- OV to check spleen for signs of congestion, splenomegaly
- OV to check red offal for signs of abnormal congesting/extended haemorrhages
- Has never been reported in any species of deer in UK


Outline the risk and control against Lyme disease when dealing with wild game carcasses

- Maintain all GHP when dressing carcass in field or elsewhere
-Transmitted by Ixodes ricinus
- Common in deer


Where are wild game carcasses stored?

Larder/collection centre


What are the functions of wild game larders?

- Initial cooling of carcass
- Provide temporary storage to handle wild game carcasses under hygienic conditions prior to dispatch to the GHE or similar establishment


What is required in wild game larders?

- Hygiene
- Separation of in-fur/feather and skinned carcasses, and eviscerated/un-eviscerated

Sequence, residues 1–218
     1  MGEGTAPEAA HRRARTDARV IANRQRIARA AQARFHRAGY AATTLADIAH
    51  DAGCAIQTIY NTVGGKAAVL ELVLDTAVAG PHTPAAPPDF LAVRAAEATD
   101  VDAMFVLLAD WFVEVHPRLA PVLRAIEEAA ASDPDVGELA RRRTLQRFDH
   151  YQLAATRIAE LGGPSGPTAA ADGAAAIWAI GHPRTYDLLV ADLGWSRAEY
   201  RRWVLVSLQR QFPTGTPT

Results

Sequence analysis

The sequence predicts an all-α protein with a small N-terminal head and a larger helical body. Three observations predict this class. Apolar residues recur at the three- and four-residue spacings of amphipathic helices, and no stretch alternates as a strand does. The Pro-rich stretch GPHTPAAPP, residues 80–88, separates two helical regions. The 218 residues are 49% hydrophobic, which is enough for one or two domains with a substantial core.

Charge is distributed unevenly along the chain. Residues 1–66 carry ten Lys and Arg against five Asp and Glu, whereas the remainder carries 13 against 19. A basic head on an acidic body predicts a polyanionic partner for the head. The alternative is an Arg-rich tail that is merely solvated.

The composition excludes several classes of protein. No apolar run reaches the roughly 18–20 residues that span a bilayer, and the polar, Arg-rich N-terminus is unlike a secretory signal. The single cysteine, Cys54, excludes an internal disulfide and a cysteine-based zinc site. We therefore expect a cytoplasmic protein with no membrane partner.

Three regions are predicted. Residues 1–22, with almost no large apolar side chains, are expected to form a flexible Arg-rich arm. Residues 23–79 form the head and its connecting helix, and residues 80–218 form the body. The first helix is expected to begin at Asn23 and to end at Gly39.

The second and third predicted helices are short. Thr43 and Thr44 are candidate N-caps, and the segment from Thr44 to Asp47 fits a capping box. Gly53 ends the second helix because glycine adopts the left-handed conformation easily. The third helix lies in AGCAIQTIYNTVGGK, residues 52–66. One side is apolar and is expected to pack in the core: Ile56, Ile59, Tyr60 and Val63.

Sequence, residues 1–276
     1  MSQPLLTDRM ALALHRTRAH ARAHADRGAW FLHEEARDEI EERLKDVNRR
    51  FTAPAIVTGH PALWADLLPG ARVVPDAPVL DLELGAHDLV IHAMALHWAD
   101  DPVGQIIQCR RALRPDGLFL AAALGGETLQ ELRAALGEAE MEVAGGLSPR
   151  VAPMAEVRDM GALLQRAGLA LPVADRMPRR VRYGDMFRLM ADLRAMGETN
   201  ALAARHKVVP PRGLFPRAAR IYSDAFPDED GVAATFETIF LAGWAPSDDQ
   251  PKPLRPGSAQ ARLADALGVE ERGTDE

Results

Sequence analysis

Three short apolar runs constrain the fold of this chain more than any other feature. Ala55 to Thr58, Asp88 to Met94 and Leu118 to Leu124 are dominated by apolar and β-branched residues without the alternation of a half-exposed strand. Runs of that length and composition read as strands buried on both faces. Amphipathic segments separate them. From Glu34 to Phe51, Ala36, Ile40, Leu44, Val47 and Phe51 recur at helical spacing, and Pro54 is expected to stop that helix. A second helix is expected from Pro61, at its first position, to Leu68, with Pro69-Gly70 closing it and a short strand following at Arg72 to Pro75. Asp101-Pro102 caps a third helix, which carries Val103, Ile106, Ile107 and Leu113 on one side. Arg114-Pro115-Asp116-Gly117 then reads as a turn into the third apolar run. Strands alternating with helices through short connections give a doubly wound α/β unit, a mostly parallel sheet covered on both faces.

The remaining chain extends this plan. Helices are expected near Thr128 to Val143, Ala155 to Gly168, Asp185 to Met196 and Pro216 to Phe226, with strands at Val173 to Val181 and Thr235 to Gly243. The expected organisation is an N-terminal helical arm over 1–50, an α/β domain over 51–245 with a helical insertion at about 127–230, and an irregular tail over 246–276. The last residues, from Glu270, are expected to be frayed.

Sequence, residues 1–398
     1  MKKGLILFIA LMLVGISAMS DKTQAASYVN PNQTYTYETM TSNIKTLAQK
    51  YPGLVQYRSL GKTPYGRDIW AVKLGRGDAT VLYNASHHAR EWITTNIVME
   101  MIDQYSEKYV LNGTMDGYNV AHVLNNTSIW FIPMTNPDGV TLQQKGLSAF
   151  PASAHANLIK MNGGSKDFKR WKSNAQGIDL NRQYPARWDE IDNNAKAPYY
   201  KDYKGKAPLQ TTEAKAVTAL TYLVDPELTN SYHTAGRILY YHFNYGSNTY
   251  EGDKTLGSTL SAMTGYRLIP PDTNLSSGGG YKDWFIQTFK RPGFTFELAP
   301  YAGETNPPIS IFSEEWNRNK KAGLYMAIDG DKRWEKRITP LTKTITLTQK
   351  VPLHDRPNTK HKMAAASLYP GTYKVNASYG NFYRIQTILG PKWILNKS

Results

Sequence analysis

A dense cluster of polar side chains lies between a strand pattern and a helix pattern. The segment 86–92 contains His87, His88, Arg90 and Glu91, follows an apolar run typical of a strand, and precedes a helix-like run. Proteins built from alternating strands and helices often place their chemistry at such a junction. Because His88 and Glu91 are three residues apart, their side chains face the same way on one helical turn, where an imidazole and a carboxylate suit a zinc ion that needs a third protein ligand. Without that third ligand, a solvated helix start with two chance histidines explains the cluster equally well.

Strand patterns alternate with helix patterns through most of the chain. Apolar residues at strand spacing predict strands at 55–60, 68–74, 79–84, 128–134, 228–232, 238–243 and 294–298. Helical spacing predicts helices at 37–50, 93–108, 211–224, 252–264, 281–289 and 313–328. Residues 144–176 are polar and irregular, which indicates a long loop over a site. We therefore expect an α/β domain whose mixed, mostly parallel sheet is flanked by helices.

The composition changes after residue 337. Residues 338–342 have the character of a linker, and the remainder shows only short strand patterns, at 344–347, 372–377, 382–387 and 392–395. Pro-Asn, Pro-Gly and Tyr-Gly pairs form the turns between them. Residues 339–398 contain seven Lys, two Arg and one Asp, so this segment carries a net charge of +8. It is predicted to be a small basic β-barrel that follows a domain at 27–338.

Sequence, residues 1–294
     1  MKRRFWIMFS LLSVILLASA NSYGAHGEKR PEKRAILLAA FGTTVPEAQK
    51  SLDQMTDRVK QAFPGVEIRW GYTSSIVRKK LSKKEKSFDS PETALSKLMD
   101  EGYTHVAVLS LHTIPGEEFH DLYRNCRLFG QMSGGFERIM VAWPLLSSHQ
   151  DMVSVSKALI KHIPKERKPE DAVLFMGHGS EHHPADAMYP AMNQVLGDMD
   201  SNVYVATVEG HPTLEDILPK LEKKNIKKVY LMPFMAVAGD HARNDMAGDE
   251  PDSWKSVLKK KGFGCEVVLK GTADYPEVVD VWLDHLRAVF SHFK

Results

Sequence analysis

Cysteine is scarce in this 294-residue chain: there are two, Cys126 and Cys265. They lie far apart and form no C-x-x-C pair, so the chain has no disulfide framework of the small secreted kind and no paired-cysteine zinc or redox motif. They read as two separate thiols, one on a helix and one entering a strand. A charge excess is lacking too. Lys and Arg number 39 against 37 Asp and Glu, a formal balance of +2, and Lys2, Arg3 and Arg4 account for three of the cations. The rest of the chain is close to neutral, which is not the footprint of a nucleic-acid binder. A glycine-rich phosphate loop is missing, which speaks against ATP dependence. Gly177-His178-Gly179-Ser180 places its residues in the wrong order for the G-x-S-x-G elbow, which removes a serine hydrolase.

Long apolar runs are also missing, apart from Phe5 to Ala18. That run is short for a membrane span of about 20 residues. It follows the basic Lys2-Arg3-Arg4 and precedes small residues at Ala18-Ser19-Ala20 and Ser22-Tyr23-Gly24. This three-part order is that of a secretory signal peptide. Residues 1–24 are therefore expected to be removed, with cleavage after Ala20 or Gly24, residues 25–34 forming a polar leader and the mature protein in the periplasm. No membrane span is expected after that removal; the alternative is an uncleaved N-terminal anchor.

- Ventilation
- Traceability
- Inspections by LA


Outline small game handling

- Hung up or allow air circulation to allow heat to disperse as quickly as possible to bring to 4degreesC
- Game carts allow air flow around product, protect from contamination, pests and weather
- Product transferred to larder in timely manner to avoid deterioration


Outline the transport of small wild game

- Vehicles should be designed, constructed and maintained to enable game to be transported in hygienic conditions and minimise risk of deterioration of product
- Regulated by local authority


Outline the requirements of small game larders

- Refrigerated
- Adequate hanging space for numbers expected
- pest and rodent proofing
- Traceability system to identify day and location of shoot
- If no chill facilities available, procedures in place to transport product for processing within reasonable timescale